The West Willow program at the Community Resource Center, 2057 Tyler Rd., and the MacArthur program at Superior Township Community Park, 1390 Stamford Rd., ran from 11 a.m. until 3 p.m. this year. But the Sugarbrook program at Grace Fellowship Church House of Solutions, 1301 S. Harris Rd., tested a new model in which children started their day earlier at 9 a.m. with two hours of tutoring led by the Family Learning Institute and Washtenaw County's Foster Grandparent Volunteer Program. Sugarbrook's program also ended later, at 4 p.m., with a behavior management session to conclude the day.


Sugarbrook's tutoring component aimed to help children retain information they learned throughout the course of the previous school year, while the behavior management was meant to teach children how to handle emotions and how to resolve issues, according to Kathy Wyatt, executive assistant at the Washtenaw County Sheriff's Office, which is heavily involved in the Summer Playground Program.


The children at all three sites also had access to books through interactions with the Ypsilanti District Library at least once a week. The library's bookmobile made a weekly visit to the Sugarbrook and West Willow sites, so the kids were able to check out a book if they had a library card or have a book read to them by the library staff. The MacArthur site was so close to the library's Superior Township branch that children were able to walk there to check out books and use the computers one day a week, as well as have a member of the library staff read to the children at the site another day a week.


Washtenaw County Parks and Recreation hopes to bring the full-day pilot program launched this year at the Sugarbrook site to the other sites next year.


Forging lasting relationships
 

This year's early planning also involved a rigorous interview process and background checks for the adult staff members, followed by a full week of training, including CPR and first aid. The administrators selected about 15 staff members who had previous experience working with children in an educational, recreational, or developmental setting, as well as a desire to give back to the community.
 

"I've noticed that the children, who [the staff] did not know prior to this program, have actually bonded with the staff and that's kind of what we were looking for. We were looking for role models that they can take when they leave the program," Sharp says.
 

Morgan Foreman, site coordinator for the Sugarbrook program, has enjoyed forming lasting relationships with the children and seeing firsthand how much they have grown and matured over the summer.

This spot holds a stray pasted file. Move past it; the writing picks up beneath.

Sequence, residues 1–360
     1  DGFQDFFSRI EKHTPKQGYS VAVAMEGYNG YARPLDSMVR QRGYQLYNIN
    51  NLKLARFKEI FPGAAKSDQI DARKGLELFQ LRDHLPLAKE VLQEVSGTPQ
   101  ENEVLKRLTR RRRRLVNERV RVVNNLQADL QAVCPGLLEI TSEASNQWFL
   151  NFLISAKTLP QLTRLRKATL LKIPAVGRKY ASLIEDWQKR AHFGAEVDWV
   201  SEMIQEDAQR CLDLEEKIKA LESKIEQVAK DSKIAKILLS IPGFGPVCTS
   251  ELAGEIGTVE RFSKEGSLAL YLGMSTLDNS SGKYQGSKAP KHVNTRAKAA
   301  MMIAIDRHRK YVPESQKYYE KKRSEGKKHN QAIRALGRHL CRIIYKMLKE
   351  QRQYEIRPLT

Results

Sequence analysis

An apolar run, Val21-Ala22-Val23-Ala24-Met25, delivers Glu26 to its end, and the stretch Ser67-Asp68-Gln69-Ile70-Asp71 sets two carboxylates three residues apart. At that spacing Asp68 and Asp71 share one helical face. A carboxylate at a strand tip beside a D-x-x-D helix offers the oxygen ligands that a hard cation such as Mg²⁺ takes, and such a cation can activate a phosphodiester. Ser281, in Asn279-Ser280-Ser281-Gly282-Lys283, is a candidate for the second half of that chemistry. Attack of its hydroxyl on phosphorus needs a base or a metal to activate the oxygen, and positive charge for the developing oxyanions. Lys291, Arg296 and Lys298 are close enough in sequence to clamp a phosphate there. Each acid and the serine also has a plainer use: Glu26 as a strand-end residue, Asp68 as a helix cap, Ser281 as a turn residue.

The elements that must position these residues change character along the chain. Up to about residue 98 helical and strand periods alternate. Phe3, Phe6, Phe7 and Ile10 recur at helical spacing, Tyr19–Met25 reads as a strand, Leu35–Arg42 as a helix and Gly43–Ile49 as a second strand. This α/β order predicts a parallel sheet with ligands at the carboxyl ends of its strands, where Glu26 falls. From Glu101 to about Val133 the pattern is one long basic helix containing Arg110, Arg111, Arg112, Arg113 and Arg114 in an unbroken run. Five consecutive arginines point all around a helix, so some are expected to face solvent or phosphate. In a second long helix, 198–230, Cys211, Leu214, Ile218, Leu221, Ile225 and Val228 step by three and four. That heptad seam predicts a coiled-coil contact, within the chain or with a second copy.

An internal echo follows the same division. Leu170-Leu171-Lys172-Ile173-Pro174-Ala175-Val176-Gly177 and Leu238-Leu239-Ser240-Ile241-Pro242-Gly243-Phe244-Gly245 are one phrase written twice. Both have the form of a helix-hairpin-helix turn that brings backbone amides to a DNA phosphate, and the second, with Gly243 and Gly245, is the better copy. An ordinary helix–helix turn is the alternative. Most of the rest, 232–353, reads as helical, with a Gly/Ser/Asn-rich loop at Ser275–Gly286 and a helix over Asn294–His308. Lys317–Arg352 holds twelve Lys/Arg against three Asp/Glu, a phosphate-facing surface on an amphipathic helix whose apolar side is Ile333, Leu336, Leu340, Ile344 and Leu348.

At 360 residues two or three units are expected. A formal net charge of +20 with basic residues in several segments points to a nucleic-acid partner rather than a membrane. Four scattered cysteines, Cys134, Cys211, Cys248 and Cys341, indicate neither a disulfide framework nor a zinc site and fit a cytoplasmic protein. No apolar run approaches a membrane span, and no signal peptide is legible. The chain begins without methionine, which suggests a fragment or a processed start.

"I want them to always know that they have a confidant and a friend in me that they can come to," Foreman says. "That's important, especially in some of the situations that these kids face when they go home. So I've enjoyed watching them grow, learn, and learning from them. I've learned a lot from them."
 

Sage Heilner, 11, says the staff at the West Willow site taught her how to "be kind, be respectful, and be responsible." And many of the adults who are involved in the program said the kids taught them things, too.
 

Cara Easley, site coordinator for the West Willow Program, hoped to serve as a positive role model for the children, but she wasn't necessarily expecting to be impacted by them.
 

"These kids really showed me a lot about myself," Easley says. "I've learned to be more patient and more empathetic with the kids."
 

Patricia Tabb, site coordinator for the MacArthur program, wanted to get involved in the Summer Playground Program because it allows her to work with children, do community outreach, empower local youth, and promote living a healthy lifestyle right in her own neighborhood. Now known as "Miss Patty" to the young program participants she works with, she's also able to bring her own children to work with her.
 

"I think it has an enormous impact on the community just by providing food for the children, providing an outlet for the children, a source of family and community for the kids that are in communities where everyone is so separate," Tabb says.

"I think this is a phenomenal program and I hope there's funding and sponsors to keep it going for infinity."

Brianna Kelly is the embedded reporter for On the Ground Ypsi and an Ypsilanti resident. She has worked for The Associated Press and has freelanced for The Detroit News and Crain's Detroit Business.

All photos by Doug Coombe.